Thank you for that. I didn't realise there is a strong link with AF and poor sleeping! I usually wake up at least twice a night but of late have also woken at 5 am and found it impossible to get back to sleep again. I also sweat profusely during the night and have a towel on the bed to soak up this but recently that is very damp on waking. Does anyone associate this with AF too please?

Hi Mejulie,

Read your post with interest and it almost mirrors mine, always under pressure and in the firing line, thinking you are absolutely in control of all situations and the leader of men, not wanting to disappointment, having high achievement goals, fear of failure, a woman in a mans world.........need I go on...... I wasn't in the Military but I too had a large workforce and all that it entails and a heavy and projected workload, working to deadlines and so on and I took this all in my stride and felt I coped with everything they could throw at me extremely well, I was flying and raising a family at the same time lol however my heart knew differently and the PAF was becoming a real nuisance, yes, I was coping and doing well in my career but my heart was not, the pace and the anxiety of achieving was taking over. My AF eventually lead to a stroke and I was retired out of the service at 56, my A/F continued on its journey but at least I was covered by Warfarin and heart drugs after the stroke. Ultimately I too succumbed to ablation I wanted desperately to come off all drugs, and it left me a darn sight worse off than before to the point that my heart was on go slow and then I was at risk, not from the rapidity but from failure to keep an acceptable heart beat and I had a Pacemaker fitted and life is now good, yes still controlled with drugs and not racing around anymore but when I feel pressured I don't go into PAF so as a consequence life has taken on a different hue, I am sleeping well, take moderate exercise walking my dog and generally enjoy being retired.

In conclusion, I feel that the steps you are taking with counselling, the recognition of why this happens is a positive step forward, you could couple this with Yoga, Tai Chi etc., where you can completely relax (something I could never do) and hopefully get things under control, easy to say I know but mind over matter. You have obviously been a great achiever and have the ability to think things out and have structure and strategy so if you can apply this to your condition then I think you will be able to get order back into your life. The one thing I hate and have always hated is not being in control and sadly that was my downfall I believe because I thought I was in control but my heart new different. Good luck in whatever you do in the future.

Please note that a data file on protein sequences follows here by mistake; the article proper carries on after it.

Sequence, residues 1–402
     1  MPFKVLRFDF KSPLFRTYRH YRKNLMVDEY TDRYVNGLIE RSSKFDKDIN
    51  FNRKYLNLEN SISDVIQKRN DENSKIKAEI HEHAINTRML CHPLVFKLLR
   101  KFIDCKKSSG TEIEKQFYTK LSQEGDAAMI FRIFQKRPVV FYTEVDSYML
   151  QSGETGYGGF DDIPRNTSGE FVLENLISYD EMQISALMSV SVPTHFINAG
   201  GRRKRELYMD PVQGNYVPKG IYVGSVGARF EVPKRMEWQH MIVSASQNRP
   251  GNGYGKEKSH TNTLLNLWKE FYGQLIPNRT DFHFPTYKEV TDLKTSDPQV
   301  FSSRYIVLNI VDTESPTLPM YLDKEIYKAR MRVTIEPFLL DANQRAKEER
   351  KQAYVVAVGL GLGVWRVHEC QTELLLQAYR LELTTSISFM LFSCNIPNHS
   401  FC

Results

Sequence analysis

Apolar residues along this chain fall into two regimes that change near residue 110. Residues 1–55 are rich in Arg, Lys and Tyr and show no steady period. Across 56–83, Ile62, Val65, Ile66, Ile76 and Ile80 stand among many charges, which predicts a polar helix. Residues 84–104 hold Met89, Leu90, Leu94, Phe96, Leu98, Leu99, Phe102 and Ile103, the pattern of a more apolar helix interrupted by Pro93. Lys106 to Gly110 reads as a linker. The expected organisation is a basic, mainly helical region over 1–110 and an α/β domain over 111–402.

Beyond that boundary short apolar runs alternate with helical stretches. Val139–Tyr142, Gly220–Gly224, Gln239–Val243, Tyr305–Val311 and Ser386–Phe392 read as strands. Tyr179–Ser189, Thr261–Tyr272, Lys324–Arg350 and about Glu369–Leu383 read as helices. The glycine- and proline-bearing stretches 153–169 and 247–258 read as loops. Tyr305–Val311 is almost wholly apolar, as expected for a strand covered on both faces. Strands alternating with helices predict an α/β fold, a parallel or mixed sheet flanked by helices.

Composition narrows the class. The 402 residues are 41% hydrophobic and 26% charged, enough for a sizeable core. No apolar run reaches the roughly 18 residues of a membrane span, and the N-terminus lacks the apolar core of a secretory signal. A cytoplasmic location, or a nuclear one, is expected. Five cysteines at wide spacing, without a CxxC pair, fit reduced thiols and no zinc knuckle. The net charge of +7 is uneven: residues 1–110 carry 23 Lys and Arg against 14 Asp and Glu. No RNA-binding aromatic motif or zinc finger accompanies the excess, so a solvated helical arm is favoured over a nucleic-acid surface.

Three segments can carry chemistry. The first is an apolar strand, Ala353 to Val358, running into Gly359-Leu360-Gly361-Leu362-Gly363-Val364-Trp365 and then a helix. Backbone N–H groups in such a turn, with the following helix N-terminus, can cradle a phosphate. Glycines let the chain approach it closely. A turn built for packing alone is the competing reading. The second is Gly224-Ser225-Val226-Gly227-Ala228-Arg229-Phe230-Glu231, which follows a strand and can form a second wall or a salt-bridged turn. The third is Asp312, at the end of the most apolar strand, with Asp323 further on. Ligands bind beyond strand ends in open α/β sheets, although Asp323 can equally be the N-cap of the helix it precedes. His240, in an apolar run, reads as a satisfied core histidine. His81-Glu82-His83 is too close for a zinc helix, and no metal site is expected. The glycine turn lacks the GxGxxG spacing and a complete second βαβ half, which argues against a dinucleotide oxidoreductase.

Think all the aids for managing anxiety have been covered. I was recommended Human Givens therapy as I was also having symptoms put down to panic attacks. I had three sessions ( very sceptical about it) and it made a tremendous difference.

Just a point with my ex nurses hat on. Diazepam sticks around in the body for a longish time so the effect can build up over a few days leaving you feeling tired. You are on a very low dose but you are right it is a sticking plaster treatment. It reassures you that you can feel normal again so has it's uses.

Wow! I know this posts were a while ago but I love the shares and education I received from it! I too thought i was invincible for a long time. And 2 years ago after brushing off episodes of my afib had a aortic dissection. After I survived that they told me it looks like you were on your way to afib before this and probably had it undiagnosed. T They figured i had thyroid issues before not heart issues. Well lets just say it's been a roller coaster ride since. I developed anxiety and recovered after a couple weeks. Then changed medicine and was fine for months, then another episode. I don't know how Long im in afib or if its anxiety. Each time it took longer to shake the feeling. Main symptom of just dizzy not being able to walk. I would fight through and Then sleep was a issue, always scared and always looking at symptoms online checking my bp. Then after a week or 2 back to normal for about 6 months! Best i ever felt! Working 50+ hours, sleeping 6hrs, enjoying life and bang! Restless and can't sleep...this episode I went 8 days and still fighting off anxiety trolls. After the visit with doctor i have ablation scheduled in December. Hope it works. But i just wanted to share and thank everyone for making me not feel so alone on this ride. I can't tell you how much i appreciate it with the advice and shares living or just coping has become easier and that's priceless!